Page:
"The club wanted a new competitive boat," said Elwell, who purchased Conspiracy with syndicate partners Richard Werdiger, Donald Elliman and New York Y.C. Comm. George Hinman Jr.
"This is the ninth class of one-designs that we've created since 1900 and it's a traditional Corinthian-class boat that you can race but also take cruising."
Although boats such as the Farr 40 and the Mumm 36 are commendable one-design vessels, as is the Swan 45, none were precisely what Elwell and others had in mind. As he put it, "We needed a boat that dovetails with the club's direction toward the IRC rules. Lots of people like me love the competition of the Farr 40s, but we also wanted something that a couple could realistically cruise with a family. Once you get over 50 feet, that becomes very difficult. So we decided to have something in the low 40s."
The specs went out and about eight design firms responded. The parameters encompassed not only beauty, ease of handling, and size, but also price.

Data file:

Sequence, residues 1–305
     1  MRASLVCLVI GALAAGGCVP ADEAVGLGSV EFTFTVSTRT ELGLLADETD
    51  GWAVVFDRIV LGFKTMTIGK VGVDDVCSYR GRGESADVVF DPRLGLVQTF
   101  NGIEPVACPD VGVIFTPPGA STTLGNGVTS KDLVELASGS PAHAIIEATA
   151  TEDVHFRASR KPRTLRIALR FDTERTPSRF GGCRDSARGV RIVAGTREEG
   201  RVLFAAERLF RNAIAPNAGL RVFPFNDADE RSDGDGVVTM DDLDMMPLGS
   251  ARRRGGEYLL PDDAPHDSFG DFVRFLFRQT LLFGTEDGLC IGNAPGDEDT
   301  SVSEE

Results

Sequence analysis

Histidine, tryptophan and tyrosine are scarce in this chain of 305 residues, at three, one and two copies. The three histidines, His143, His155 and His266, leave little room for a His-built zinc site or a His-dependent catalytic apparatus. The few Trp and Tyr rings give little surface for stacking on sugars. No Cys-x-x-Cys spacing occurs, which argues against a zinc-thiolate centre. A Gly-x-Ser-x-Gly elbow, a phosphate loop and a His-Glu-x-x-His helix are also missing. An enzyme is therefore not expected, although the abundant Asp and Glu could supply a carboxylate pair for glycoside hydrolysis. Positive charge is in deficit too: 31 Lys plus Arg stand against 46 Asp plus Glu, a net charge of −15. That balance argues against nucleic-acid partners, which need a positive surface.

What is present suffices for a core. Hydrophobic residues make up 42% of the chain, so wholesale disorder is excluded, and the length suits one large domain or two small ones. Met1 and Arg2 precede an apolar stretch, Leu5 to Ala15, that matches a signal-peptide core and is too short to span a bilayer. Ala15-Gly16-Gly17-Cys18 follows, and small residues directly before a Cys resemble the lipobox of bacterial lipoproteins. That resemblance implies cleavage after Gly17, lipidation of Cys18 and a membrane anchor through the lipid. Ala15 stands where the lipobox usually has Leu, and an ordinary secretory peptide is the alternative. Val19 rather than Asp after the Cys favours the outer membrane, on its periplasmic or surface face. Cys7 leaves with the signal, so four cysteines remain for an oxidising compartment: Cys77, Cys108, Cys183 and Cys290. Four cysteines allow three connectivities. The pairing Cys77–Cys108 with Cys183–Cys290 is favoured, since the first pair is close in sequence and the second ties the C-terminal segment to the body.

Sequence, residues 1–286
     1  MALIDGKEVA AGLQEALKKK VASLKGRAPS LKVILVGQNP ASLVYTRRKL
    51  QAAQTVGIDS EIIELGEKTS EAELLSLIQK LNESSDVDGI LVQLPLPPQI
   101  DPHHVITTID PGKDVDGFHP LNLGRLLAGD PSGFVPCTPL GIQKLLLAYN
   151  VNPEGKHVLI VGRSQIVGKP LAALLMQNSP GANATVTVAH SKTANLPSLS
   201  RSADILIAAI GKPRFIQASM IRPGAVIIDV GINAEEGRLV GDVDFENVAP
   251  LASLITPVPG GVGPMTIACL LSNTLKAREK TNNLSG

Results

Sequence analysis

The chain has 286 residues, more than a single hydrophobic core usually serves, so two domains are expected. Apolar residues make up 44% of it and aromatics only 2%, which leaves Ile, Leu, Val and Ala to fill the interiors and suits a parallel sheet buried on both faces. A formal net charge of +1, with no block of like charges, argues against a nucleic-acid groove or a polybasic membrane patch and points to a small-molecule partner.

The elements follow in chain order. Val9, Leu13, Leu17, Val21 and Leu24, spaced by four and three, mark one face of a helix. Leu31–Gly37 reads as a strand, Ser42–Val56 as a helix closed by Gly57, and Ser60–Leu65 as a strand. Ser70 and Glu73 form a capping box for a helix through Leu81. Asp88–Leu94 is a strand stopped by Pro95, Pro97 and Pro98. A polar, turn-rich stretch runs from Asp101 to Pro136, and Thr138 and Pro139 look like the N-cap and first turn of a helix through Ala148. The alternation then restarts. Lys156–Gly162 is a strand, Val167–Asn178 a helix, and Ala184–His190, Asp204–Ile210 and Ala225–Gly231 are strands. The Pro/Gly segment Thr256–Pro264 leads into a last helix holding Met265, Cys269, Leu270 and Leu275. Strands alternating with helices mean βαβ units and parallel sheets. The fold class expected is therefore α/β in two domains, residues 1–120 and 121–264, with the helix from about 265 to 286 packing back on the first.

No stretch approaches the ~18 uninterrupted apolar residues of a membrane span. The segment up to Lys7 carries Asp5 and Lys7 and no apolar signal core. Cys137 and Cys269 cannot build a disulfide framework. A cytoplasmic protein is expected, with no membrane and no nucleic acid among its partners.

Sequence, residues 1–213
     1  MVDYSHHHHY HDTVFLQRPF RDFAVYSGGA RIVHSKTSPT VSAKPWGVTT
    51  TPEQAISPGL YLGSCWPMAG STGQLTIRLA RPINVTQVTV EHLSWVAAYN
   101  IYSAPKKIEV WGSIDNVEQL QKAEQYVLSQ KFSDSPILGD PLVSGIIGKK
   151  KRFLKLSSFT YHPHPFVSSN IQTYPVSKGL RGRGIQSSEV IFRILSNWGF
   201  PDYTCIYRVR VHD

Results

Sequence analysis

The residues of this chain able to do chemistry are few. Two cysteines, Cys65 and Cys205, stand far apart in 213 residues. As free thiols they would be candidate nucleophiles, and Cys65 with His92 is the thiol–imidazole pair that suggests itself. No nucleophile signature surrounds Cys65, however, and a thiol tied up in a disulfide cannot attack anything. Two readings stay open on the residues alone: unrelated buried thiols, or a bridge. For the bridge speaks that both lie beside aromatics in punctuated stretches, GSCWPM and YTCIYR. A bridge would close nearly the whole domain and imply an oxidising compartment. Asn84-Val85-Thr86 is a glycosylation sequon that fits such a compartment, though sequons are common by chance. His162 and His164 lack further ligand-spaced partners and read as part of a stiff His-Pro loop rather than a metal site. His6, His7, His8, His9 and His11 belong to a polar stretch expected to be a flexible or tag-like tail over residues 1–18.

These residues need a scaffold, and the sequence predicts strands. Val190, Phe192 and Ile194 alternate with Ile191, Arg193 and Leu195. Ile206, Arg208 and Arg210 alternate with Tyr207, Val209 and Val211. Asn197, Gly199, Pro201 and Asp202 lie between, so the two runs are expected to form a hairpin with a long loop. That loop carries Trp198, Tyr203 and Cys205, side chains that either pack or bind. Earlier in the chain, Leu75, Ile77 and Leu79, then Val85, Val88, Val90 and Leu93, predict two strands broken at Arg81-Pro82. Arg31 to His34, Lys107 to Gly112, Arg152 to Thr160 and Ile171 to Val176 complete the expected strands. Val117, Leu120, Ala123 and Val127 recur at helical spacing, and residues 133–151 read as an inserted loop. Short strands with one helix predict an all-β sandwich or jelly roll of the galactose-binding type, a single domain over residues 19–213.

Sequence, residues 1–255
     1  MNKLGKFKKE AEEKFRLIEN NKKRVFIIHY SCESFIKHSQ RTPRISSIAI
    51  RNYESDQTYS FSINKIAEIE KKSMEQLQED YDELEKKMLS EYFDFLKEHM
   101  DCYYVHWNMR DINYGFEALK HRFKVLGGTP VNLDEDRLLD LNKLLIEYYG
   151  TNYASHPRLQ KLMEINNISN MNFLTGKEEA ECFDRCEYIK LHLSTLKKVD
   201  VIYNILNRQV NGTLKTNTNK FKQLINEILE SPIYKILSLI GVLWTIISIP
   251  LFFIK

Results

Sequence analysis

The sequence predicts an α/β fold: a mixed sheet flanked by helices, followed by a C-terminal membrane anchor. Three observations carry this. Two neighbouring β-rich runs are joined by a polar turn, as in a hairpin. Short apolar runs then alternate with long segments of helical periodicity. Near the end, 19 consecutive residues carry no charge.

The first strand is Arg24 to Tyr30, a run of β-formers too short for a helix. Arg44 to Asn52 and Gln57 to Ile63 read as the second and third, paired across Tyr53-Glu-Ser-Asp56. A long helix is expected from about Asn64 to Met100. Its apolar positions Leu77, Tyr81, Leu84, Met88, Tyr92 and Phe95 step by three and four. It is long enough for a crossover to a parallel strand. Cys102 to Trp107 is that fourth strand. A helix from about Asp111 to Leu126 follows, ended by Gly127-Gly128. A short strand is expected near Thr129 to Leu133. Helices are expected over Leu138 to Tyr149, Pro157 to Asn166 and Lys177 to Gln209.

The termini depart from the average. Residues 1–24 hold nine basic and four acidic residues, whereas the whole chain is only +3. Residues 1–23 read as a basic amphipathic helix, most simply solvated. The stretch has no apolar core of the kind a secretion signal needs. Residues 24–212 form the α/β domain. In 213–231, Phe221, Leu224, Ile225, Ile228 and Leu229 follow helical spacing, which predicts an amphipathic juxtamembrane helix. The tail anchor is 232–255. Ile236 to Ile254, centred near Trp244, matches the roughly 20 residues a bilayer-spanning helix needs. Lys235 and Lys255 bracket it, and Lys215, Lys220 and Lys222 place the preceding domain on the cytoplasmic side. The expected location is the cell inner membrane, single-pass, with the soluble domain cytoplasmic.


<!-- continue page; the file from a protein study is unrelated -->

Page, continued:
"Swan came to the club after they heard about the competition. Whoever was going to do it had to come up with a boat you could put on the starting line for about $500,000," Elwell explained as he inspected the boat at the dock. "We really wanted a new class and that's what we've got, the New York Yacht Club Swan 42. It's a fresh start."
The CS 42, designed by the German Frers team, is actually 42 feet, 6 inches overall and 37 at the waterline, with a beam just shy of 13 feet. Her price tag, at least for Conspiracy: $625,000 at the starting line, Elwell said.
"There's less teak belowdecks and a number of other compromises, but this way we can get 25 members to buy them instead of maybe eight or 10 if the price were higher," Elwell said. "More boats on the starting line makes for more exciting racing."
As we chugged out of the harbor that afternoon under bare poles toward the Newport Bridge, Benjamin repeatedly gauged and tuned the standing rigging tension, knowing he would soon be monitoring the curvature of the laminated 3DL sails.
With Elwell at one of two helm stations in the spacious cockpit, Conspiracy sliced through the chop with ease, powered by the 40-horsepower Volvo Penta engine until everyone aboard was settled and the iron lung was silenced. We raised the sails in the lee of the Norwegian Something-or-other, one of the many Love Boat-style cruise ships that put into Newport these days, dispatching tourists who hurriedly buy a T-shirt before returning aboard pod-like lifeboats that function as water taxis.